Far from being utopian however, there is a maturing sense that this new universe is increasingly resource-constrained by real world concerns such as battery life, processor limitations, and durability.

The real world is unpredictable and because of this automatic processes need to be self-configuring. Hence, these automated processes will need to be deeply thought-through from the beginning. By humans, of course.

6. Global is the new local

There is an emerging broader understanding of how interconnected markets and lives across the world are.

In parallel, there is a sense of a bigger opportunity for corporations, startups, and investors. Geography is no longer the barrier to creating value from collaboration; rather, differences in economy, regulations, and culture are.

These differences underscore the importance of connectors to link problems and solutions; innovators and investors; inventions and the market; agility and scale.

The increasing globalized world does not just create the situation of “the world is my oyster” but also “the world hosts my competitor.”

7. Non-typical venture capitalists

Established multinationals were a prominent presence at the event. A common thread running through them is that their traditional business models are under threat from customers’ changing views about the utility of their products and services, and the emergence of non-traditional competitors.

Emerging market public players such as cities and public institutions are also becoming stakeholders in driving innovation forward.  

With no legacy interests, and the prospect of leapfrogging established markets and players, these unconventional competitors are turning the fast-changing environment to their advantage.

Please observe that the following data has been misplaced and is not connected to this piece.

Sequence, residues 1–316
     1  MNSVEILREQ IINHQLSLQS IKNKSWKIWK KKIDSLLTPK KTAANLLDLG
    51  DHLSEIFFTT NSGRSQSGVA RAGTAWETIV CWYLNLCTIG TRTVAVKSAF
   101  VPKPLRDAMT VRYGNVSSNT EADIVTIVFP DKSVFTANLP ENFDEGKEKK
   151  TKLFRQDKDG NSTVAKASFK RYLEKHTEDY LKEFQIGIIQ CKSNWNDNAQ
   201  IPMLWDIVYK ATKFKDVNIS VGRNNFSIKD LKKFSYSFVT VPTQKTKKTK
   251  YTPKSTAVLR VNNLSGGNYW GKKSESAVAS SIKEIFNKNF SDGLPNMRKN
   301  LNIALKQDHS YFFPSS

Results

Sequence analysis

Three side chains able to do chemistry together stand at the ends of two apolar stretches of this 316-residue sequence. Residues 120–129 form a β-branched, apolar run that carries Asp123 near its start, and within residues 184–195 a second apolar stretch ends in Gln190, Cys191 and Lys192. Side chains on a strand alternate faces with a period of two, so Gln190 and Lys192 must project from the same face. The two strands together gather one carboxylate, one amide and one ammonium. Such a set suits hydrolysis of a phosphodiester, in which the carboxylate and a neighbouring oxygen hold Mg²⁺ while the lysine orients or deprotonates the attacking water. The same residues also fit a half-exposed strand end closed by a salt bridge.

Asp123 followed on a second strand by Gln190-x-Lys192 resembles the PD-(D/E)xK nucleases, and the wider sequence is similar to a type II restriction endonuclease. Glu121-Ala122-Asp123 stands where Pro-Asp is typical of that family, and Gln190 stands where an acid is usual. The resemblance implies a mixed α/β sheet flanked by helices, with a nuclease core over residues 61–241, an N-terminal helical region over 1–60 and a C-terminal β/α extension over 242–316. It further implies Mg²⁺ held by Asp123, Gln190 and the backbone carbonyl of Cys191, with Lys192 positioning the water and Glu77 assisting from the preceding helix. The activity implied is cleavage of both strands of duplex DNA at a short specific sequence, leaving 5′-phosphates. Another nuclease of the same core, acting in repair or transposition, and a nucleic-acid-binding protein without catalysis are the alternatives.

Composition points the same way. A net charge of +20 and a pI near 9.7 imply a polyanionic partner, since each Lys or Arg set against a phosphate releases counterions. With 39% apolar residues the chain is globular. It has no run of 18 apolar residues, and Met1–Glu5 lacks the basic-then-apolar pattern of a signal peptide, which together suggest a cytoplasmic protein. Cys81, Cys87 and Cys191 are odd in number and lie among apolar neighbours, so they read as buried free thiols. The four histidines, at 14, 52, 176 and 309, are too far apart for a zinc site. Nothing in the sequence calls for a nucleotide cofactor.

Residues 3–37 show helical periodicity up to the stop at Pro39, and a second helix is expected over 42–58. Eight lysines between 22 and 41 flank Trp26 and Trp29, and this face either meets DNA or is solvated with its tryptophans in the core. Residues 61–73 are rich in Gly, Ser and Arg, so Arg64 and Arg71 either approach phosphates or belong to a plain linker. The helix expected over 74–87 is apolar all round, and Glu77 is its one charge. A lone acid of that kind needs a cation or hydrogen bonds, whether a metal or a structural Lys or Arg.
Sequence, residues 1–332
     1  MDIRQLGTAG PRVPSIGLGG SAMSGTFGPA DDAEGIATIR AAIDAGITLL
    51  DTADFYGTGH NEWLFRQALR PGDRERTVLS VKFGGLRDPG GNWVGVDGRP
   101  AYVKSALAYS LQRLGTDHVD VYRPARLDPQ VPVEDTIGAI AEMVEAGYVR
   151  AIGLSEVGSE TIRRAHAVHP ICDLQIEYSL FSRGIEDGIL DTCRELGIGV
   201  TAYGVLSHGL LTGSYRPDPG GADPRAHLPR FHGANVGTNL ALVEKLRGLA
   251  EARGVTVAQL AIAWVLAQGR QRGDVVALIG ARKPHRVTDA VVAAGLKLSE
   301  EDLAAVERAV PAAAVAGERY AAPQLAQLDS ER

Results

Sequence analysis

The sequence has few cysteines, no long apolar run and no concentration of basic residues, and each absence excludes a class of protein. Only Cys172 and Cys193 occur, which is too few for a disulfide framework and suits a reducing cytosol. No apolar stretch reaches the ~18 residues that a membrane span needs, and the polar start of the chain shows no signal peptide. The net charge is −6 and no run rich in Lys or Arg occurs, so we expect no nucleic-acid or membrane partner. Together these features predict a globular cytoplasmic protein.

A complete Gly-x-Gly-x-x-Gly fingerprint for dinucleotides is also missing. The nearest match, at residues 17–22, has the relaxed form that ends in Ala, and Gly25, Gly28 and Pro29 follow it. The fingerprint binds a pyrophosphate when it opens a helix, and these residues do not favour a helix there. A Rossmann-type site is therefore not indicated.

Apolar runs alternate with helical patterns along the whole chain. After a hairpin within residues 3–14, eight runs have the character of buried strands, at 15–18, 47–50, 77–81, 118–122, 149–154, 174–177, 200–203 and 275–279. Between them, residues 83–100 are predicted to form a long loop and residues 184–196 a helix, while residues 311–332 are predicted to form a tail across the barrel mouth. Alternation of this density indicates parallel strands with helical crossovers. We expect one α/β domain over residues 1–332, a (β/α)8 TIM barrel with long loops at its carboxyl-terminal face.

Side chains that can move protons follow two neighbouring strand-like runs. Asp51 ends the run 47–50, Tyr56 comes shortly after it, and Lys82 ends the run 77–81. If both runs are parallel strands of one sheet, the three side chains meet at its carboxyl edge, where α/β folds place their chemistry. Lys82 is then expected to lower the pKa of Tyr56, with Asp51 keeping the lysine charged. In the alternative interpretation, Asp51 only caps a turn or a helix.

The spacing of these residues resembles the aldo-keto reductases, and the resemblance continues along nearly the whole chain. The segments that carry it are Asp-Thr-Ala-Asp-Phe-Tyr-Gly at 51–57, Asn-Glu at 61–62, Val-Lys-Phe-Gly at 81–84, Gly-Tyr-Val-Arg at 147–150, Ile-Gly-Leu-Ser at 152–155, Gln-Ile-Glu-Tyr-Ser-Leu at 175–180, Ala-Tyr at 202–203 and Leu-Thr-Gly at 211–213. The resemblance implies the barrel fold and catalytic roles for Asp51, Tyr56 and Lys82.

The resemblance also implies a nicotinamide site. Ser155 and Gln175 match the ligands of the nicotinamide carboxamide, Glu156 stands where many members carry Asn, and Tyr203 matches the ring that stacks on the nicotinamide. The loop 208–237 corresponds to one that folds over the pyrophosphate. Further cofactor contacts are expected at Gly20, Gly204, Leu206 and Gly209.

The only way for a big, traditional business to compete is by recognizing that speed gives a competitive advantage.

The large companies present at the event are creating new capability through hiring external talent, creating new processes even before these shifts are obvious to mainstream business. ­– Rappler.com

  Minette Navarrete is President of Kickstart Ventures, Incorporated, the corporate venture capital subsidiary of Globe Telecom. She is a member of the Ayala Corporation’s Innovation Advisory Council, and Globe’s Innovation Advisory Board, and is concurrently Vice-Chairman of Yondu, Globe’s wholly-owned technology solutions company. Minette has held a number of CEO/COO positions in various industries, ranging from Philippine startups to iconic global companies.

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Minette Navarrette is one of our speakers in #ThinkPH The Next Big Idea: Platform Thinking. Learn more about the event here.